This is the story of Jacob leaving Beersheba and having the dream of seeing the ladder to heaven at Bethel. Then he went on to Heran where he went to Laban his uncle. The story continues with Jacob working for Laban and then making a deal to work 7 years to get Rachel as his wife, but then Laban slipping Leah in to be his wife instead. Then he worked for another 7 years to get Rachel. The passage describes the interactions between the married triple, of Jacob along with Leah and Rachel. Leah thought that she could be the favored wife if she bore him children so she had at least 6 and one daughter, but that wasn’t enough so she had Jacob be with her maid Zilpah and she had a child. Rachel couldn’t have children so she had Jacob sleep with Bilhah her servant who had a child between Rachel’s legs so that she could have a child. She later had a child, Joseph and then Benjamin as well with Jacob. It is quite a tail of the issues of a relationship like this. It may be the reason that Mohammad had 4 wives so that he could emulate Jacob, even though Jacob is part of Isaac’s line while Mohammad was in Ishmael’s line of people.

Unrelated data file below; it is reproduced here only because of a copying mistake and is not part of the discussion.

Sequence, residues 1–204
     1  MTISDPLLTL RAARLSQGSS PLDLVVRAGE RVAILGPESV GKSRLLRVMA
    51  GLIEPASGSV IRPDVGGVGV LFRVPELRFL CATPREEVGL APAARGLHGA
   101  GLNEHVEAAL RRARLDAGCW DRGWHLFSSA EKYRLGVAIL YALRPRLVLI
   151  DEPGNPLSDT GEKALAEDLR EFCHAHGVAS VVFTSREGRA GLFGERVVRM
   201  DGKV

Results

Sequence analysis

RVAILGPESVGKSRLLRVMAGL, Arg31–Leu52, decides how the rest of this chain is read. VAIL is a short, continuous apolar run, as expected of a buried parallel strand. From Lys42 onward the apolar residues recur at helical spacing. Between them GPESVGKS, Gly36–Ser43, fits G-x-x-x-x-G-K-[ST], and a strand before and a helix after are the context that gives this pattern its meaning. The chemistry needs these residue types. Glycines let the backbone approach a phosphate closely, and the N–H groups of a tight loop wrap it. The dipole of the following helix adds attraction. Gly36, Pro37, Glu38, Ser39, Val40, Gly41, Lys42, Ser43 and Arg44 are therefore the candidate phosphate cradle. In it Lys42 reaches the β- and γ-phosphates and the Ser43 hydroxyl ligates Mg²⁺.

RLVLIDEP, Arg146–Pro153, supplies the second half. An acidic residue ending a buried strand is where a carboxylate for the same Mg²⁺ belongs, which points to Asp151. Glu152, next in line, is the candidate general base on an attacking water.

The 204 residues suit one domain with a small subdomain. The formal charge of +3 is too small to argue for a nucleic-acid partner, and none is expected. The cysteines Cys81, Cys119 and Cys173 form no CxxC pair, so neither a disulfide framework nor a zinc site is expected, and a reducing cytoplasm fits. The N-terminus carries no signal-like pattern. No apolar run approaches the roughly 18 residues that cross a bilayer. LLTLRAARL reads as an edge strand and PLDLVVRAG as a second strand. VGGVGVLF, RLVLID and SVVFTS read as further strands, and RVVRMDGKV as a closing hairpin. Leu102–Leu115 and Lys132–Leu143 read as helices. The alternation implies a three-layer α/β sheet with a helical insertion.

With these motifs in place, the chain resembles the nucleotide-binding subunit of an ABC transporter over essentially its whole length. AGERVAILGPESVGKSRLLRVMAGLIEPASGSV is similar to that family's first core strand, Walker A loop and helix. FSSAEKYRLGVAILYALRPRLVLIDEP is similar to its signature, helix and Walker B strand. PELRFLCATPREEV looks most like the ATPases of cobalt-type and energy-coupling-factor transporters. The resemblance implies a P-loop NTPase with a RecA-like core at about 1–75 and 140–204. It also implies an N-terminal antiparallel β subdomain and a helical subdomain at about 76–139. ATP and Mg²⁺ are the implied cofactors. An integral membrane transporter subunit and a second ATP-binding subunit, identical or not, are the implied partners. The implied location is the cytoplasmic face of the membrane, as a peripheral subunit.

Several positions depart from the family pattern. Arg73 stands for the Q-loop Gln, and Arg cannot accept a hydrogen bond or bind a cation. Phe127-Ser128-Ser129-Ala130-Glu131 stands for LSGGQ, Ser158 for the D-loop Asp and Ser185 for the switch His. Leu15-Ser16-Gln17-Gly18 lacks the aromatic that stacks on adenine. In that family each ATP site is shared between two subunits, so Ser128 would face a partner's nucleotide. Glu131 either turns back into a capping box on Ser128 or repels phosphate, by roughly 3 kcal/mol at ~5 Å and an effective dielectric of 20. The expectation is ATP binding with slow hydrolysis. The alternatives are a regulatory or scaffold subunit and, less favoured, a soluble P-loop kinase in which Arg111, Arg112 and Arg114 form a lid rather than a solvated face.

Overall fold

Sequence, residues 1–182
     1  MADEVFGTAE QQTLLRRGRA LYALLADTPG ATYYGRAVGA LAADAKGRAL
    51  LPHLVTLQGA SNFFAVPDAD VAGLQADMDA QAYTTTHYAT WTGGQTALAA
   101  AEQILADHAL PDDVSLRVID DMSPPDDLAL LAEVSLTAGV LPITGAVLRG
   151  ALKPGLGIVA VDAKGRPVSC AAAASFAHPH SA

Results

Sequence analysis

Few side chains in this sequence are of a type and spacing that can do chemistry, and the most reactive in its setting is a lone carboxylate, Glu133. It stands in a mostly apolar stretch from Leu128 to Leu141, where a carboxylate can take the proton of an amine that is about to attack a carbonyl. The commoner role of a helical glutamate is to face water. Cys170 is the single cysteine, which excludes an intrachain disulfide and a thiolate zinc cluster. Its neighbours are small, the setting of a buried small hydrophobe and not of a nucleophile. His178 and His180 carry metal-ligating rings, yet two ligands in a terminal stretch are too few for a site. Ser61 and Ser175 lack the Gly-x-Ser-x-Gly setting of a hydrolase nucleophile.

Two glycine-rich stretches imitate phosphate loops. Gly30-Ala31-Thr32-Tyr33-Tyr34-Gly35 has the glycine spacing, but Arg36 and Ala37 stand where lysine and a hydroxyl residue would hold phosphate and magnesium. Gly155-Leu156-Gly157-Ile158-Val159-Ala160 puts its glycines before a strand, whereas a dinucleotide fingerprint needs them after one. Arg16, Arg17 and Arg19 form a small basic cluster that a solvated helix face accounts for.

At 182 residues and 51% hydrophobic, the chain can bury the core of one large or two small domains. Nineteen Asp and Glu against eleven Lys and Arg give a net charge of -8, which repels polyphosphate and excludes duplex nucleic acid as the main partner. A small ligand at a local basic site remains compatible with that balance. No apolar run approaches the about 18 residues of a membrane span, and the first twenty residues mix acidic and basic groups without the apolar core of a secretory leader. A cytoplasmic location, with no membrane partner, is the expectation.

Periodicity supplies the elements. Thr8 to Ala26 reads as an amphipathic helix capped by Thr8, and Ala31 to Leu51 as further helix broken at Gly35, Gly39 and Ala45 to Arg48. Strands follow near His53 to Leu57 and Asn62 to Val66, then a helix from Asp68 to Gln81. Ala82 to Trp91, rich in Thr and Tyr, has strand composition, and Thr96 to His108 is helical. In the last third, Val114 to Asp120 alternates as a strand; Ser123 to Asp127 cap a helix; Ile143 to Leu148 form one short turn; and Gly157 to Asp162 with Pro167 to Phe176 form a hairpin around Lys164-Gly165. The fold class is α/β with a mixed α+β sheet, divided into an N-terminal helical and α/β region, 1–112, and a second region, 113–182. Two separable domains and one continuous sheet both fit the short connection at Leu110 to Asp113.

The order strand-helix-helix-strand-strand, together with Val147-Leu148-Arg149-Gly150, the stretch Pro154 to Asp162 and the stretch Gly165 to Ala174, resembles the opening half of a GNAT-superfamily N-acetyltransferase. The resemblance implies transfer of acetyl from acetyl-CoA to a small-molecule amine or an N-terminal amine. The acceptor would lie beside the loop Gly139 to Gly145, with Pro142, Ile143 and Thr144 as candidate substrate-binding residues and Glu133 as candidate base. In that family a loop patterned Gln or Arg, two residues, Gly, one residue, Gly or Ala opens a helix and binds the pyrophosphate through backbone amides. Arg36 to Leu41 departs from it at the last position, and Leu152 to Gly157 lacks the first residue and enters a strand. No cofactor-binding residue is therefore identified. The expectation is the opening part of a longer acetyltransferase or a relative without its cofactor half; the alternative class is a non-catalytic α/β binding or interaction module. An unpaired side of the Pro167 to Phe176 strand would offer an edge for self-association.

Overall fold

There are several interesting things about Jacob’s dream of a ladder to heaven with Angels Ascending and Descending in that order. That must mean that the angels started out on earth, went to heaven and then came back to earth. Also of interest is the promise that was made that this would be the land of Jacob in the future. For the moment though, Jacob had to continue on his way to Heran to see his Uncle Laban and find a wife to marry since Rebekah his mother didn’t want him to marry a Canaanite woman. I find it interesting that God sets aside property for his people in spite of the fact that there were already people living there. Maybe all the people of that time were nomadic and so there weren’t property rights as we have today, so maybe it wasn’t a big deal to say this would be there land. I think however that it was a big deal. Gene appropriately pointed out an article in last week’s Newsweek that described a minister’s seeing heaven in a near death experience. A very interesting article along side this dream of Jacobs.